'David, for heaven's sake.' Lady Kingscourt was blushing. 'Such talk at the dining table.'
'Quite a sight, the periodic eruption of Mount Dixon the Lesser. As for when your long-awaited novel finally delights us all by appearing, no doubt I shall find it as conducive to tranquillity as the rest of your effusions. I dare say I shall sleep like Endymion, then.'
Dixon didn't join in the round of uneasy laughter. 'You keep your people in abject penury, or near it. Break their backs with work to pay for your position, then put them off the land with no compensation when it suits you.'
'No tenant of mine has been put off the land without compensation.'
'Because there's hardly anyone left to put off it, since your father evicted half of his tenants. Consigned them to the workhouse or death on the roads.'
'Dixon, please,' said the Captain quietly.
'How many of them are in Clifden Workhouse tonight, Lord Kingscourt? Spouses kept apart as a condition of entry. Children younger than your own torn from their parents to slave.' He reached into the pocket of his tuxedo and pulled out a notebook. 'Did you know they have names? Would you like me to list them? Ever once visited to read a bedtime story to them?'
Merridith's face felt as though it were sun-scorched. 'Do not dare to impugn my father in my presence, sir. Never again. Do you understand me?'
'David, calm down,' his wife said quietly.
'My father loved Ireland and fought for her freedom against the vicious scourge of Bonapartism. And I have used what you term "my position", Mr Dixon, to make strenuous argument for reform of the workhouses. Which would not be there at all to offer what help they do were it not for the likes of my father.'
Dixon gave a barely audible scoff. Merridith's tone was becoming more strident.
'I have spoken about the matter frequently, in the House of Lords and other places. But I shouldn't suppose your readers would be interested in that. Rather tittle-tattle and muck-raking and simplistic caricatures.'
'I represent the free press of America, Lord Kingscourt. I write as I find and I always will.'
'Don't delude yourself, sir. You represent nothing.'
'Gentlemen, gentlemen,' the Captain sighed. 'I implore you. We have a long voyage ahead, so let us leave aside our differences and remain good friends and companions together.'
Silence settled over the discomfited company. It was as though an uninvited guest had sat down at the table but everyone was too embarrassed to mention the fact. A dribble of unenthusiastic applause sounded through the saloon as the harpist finished a sentimental Celtic melody. Dixon pushed his plate away desultorily and downed a glass of water in three quick gulps.
'Perhaps we shall postpone the political discussion until later in the evening when the ladies have retired,' the Captain said, forcing a laugh. 'Now. More wine, anyone?'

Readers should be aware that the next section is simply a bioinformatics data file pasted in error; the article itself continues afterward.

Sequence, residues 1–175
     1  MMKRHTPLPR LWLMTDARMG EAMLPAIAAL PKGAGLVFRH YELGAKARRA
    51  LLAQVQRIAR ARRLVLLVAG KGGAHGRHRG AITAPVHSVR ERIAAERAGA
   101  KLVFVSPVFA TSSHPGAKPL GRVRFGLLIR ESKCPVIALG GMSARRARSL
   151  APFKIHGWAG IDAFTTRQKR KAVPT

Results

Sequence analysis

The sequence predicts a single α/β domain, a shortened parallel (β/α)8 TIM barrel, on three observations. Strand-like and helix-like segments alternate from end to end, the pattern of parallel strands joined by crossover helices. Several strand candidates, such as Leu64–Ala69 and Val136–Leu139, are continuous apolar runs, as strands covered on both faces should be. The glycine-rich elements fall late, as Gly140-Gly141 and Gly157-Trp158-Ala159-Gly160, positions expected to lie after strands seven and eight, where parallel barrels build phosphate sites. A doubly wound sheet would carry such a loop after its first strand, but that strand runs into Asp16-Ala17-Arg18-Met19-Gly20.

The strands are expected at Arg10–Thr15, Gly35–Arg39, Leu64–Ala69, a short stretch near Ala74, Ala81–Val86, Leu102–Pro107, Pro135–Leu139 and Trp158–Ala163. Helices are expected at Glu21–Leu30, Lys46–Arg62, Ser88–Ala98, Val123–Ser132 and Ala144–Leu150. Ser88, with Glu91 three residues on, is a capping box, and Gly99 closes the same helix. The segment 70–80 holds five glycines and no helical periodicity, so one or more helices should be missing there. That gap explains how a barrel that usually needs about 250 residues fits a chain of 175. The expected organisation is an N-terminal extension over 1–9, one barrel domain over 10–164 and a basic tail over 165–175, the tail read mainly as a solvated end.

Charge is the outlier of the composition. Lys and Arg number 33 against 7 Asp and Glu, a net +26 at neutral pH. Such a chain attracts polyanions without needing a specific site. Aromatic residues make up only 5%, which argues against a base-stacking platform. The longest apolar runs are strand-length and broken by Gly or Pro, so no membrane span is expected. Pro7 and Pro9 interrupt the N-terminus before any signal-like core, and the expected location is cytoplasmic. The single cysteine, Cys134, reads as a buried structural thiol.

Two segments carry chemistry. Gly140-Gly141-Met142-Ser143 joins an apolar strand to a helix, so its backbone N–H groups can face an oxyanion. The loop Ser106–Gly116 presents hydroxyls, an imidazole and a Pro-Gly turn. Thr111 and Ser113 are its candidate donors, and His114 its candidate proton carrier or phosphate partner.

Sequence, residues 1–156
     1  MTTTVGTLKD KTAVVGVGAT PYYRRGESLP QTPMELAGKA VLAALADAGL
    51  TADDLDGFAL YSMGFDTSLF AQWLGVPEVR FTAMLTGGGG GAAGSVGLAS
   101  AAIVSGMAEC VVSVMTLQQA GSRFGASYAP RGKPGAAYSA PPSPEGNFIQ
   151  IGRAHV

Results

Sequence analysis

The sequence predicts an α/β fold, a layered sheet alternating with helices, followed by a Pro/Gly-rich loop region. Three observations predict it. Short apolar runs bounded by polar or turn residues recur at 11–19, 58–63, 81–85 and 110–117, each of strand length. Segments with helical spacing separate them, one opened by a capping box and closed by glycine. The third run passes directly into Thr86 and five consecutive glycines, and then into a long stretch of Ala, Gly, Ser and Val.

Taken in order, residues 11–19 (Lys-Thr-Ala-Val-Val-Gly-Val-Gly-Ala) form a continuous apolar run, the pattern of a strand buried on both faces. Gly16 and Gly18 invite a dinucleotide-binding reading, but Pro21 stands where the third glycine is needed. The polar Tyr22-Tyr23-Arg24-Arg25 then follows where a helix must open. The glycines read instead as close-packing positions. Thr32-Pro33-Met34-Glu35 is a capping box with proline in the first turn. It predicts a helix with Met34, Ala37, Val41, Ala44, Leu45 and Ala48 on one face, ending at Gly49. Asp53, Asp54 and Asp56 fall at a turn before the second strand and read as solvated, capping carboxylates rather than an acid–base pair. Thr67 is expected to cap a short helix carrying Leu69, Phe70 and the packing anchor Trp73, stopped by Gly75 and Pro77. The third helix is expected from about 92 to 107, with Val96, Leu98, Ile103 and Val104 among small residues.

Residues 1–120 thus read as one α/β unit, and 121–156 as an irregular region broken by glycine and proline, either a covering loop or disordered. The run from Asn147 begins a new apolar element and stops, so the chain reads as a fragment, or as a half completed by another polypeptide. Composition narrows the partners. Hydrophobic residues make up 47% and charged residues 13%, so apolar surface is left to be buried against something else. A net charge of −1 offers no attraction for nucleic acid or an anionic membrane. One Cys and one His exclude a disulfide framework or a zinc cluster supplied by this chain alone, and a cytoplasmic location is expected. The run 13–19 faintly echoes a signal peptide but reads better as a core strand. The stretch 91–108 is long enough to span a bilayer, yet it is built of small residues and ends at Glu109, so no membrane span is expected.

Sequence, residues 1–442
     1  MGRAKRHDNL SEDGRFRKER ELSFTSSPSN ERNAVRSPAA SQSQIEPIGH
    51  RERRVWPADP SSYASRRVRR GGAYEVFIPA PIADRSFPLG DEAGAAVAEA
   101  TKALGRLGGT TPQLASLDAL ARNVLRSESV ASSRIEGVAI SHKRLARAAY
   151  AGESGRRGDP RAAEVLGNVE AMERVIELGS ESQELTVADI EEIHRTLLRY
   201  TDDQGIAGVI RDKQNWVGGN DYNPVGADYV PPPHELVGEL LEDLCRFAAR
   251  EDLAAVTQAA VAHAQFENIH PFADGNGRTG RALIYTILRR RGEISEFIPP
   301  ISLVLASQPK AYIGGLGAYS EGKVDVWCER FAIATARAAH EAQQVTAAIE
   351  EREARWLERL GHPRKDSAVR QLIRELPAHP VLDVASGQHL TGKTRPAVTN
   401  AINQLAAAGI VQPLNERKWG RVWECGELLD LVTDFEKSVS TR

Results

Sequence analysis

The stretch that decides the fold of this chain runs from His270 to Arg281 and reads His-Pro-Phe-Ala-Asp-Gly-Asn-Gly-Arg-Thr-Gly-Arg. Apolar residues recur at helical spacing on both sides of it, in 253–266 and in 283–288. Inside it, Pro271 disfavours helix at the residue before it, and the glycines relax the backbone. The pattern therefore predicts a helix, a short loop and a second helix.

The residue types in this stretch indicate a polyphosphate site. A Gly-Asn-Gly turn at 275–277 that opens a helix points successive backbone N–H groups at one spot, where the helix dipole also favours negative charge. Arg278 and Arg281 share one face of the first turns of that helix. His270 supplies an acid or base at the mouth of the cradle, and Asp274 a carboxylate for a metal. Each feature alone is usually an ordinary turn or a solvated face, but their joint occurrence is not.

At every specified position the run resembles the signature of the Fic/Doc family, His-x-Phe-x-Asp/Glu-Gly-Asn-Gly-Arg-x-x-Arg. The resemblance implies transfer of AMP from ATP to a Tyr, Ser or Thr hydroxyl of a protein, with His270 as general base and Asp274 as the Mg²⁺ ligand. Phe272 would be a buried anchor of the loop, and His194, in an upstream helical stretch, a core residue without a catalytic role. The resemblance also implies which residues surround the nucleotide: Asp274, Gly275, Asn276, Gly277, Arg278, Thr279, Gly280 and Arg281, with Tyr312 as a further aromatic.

'I have done all I can to improve the situation of those in the workhouses,' Merridith said, trying to keep his tone steady. 'I have lobbied, for example, to relax the conditions for admission. But this is a very difficult question.' He allowed himself to meet Dixon's now unmeasurable gaze. 'Perhaps you and I can have a talk about it on another occasion.' He added once more: 'it's a difficult question.'
'It certainly is,' Merridith's wife said suddenly. 'Unless strict conditions are imposed they take advantage of the help offered them, David. The conditions should be a great deal stricter, if anything.'
'That is not the case, dear, as I have told you previously.'
'I believe it is,' she calmly continued.
'No, it isn't,' said Merridith. 'And I have corrected you on this question before.'
'Otherwise we merely encourage that same idleness and dependency which have only led to their present misfortune.'
Merridith found his anger rising again. 'I'll be damned if I'll be given lectures on idleness by your good self, Laura. Damned, I say. Do you hear me now?'
The Captain put down his cutlery and gazed bleakly at his plate. At the next table the Methodist minister turned to give an owlish stare. Dixon and the Mail Agent sat very still. The Surgeon and his sister bowed their heads. The Maharajah continued quietly eating his soup, a soft whistle through his teeth as he blew on it.
'Permit me to apologise,' Lady Kingscourt said hoarsely. 'I am feeling a little unwell this evening. I believe I shall go to take some air.'
Laura Merridith rose stiffly from the table, dabbing her lips and hands with a napkin. The men half-stood and bowed as she went, all except her husband and Maharajah Ranjitsinji. The Maharajah never bowed.
He removed his spectacles, breathed carefully on to the lenses and began wiping them scrupulously on the hem of his golden scarf.
The Captain waved over one of the stewards. 'Go after the Countess,' he quickly muttered. 'Make sure she stays behind the First-Class gates.'
The man nodded his understanding and left the saloon.
'Natives restless, are they?' the Mail Agent smirked.
Josias Lockwood made no reply.
'Tell me something, Captain,' said the Maharajah with a perplexed frown. Everyone at the table gaped at him now. It was as though they had forgotten he was capable of speech.
'That pretty young lady who is at present playing the harp?'
The Captain gave an embarrassed look.
'You shall enlighten me, I know, if I am speaking in error.'
'But isn't she actually...the Second Engineer?'
Everyone turned or stretched to stare. The harpist's hands were sweeping across the loom of strings, weaving a climax of ardent arpeggios.
'By the holy powers,' said the Mail Agent uneasily.
The Surgeon's sister made an attempt at laughter. But when nobody joined in, she suddenly stopped.
'It didn't seem right to have a man,' the Captain murmured. 'We do like to keep up appearances on the Star.'
Copyright © Joseph O'Connor 2002
First published in Great Britain by Secker & Warburg
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Library of Congress subject headings for this publication: Ireland Emigration and immigration Fiction, Ocean travel Fiction, Immigrants Fiction